According to Yet Another Rejection Letter, the premise of my novel is “intriguing” but not right for an agent I was rather hoping would want to represent me. Did my homework on her and she’s got some good authors and herself has a good rep and does represent this particular genre. The letter also said that she (the agent’s assistant who wrote the letter) encouraged me to continue submitting my query to other agents. Very kind and encouraging.

Yep, another personal rather than form rejection slip. At least, I think it was…

I suppose if my next one is a critique, I should celebrate and then get to work revising the novel. I do see a trend in the personal comments already, so that’s a good sign.

I know they say when you start getting personal letters rather than forms it’s a good sign, but you know, that advice was written back before word processors. I have to wonder if that’s quite the same now, as you can write a perfectly original-looking “Fill in the Blank” template.

Being a Reject

Because rejections slips are on my mind, I googled “rejection slips”. Yeah, I know, goofy.

They’re agony for a lot of writers, especially ones who write mostly for the love of their stories and characters and are not looking at writing with an eye to business.

First off, I want this really clear: I consider that sort of writing a totally valid form of art. I eyeroll people who are “writing a book” because they usually say it to try to impress. I can tell the difference between that and, “I’ve got this story I’m writing that I love.” There is a big difference.

But, back to rejection slips.

Why, why, why, is this a huge deal to the person who wants to go pro?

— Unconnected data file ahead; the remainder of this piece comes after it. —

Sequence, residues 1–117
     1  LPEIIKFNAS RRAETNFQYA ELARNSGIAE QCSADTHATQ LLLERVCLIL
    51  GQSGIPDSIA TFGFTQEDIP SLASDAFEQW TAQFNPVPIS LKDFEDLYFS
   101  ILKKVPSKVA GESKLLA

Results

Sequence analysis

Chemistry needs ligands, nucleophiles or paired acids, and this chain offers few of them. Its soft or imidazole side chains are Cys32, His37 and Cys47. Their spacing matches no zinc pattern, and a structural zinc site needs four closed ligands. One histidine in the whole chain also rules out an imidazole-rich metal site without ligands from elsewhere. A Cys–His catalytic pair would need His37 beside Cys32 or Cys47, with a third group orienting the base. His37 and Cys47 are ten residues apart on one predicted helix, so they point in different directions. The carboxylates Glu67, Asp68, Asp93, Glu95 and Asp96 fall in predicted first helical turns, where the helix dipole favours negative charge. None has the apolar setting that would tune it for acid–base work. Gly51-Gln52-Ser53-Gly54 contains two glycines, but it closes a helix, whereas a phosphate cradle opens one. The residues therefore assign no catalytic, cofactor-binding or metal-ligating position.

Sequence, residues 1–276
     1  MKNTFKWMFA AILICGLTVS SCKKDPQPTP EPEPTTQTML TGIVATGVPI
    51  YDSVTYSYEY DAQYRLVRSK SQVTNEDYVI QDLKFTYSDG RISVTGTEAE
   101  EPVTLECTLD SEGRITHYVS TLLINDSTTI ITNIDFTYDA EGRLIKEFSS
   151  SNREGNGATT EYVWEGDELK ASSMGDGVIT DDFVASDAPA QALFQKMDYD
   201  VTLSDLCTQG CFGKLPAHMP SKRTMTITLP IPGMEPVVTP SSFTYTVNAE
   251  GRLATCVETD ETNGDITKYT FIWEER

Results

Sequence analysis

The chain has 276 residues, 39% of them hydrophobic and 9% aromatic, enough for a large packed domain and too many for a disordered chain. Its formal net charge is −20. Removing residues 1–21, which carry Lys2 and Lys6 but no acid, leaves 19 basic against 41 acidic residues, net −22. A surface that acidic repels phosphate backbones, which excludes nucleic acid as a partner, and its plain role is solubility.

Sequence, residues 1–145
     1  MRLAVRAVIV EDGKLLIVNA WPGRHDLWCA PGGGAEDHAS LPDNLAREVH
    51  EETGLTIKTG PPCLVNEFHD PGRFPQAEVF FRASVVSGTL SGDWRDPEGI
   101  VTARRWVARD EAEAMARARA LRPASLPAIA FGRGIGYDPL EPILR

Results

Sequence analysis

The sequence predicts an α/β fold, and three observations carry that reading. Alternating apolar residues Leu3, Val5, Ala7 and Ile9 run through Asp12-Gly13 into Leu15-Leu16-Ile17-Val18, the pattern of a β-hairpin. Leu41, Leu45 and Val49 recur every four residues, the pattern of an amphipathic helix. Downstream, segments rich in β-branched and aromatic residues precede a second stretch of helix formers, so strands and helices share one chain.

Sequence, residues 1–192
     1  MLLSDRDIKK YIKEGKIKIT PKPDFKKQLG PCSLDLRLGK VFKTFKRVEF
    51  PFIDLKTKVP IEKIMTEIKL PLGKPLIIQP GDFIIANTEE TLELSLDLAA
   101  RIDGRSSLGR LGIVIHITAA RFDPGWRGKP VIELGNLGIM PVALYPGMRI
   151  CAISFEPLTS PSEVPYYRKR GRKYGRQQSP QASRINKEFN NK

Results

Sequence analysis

If you wanna go pro, you’re basically saying, “I’m an entrepreneur and my product is my words.”

If you’re going to be in sales, which as a writer who wants to be paid, by God you are, you need to learn some facts about selling:

  • Sales is a numbers game. Yes, yes, yes, you have to be an artist to write good fiction. But when the book is done as best as it can be without the editor’s input, you have to take off your artist hat, and put on your salesman’s hat.
  • A direct mailout that advertises a niche service that gets four “yeses” to ninety-six “nos” is a good, solid performer. The numbers are a bit better for fiction, but keep in mind most first books, even the classics and the best sellers, get a lot of “no”s before we get to a “yes”.
  • Even if you are a writing a mainstream novel, you are writing to a niche market. 25% of respondents to a 2005 Gallup poll did not read any books in the previous year. Another 50% read less than five. (Makes me feel like a bloody freak. I’ve read more than five books in the past month not counting audiobooks). Then keep in mind that a large percentage of those books are the big name best sellers (Harry Potter series, Oprah’s book club…) The market is adequate, but hardly enormous.
  • A good salesman doesn’t take a “no” personally. Writing is a business as much as is selling brushes. Oh sure, people in the front lines of the publishing industry (editors, agents, etc.) get into it because they love books1, but they have to get paid enough to eat somehow!
  • If you really do want to be a professional writer, accept the business part of it and learn to sell. There are thousands of books out there about it. Selling isn’t about Leisure Suit Larry nor is it about some guy who wears an Armani suit with a perfect haircut and is slicker than snot on a doorknob. Learning to sell well is about being interested in people. If you’re writing fiction, chances are good you’ve got this down pat. So expand on it.

I’ve read a lot of sites about rejection and dealing with it in the past few months, and I’ve found the ones not aimed at the artiste a lot more useful than the ones aimed specifically at the writer.  Don’t paper your damn bath with your rejection slips.  If you must keep them for tracking purposes, be business-like about it and file the things.  Someone selling telephone systems doesn’t keep a memento of every “no” he gets like a serial killer keeping a tooth from each of his victims.   Don’t you do it!  Be a pro.
1They don’t get into it for the money! Median annual earnings for salaried editors were $43,890 in May 2004. Okay money, but no-one’s going to encourage their child to marry an editor for the financial security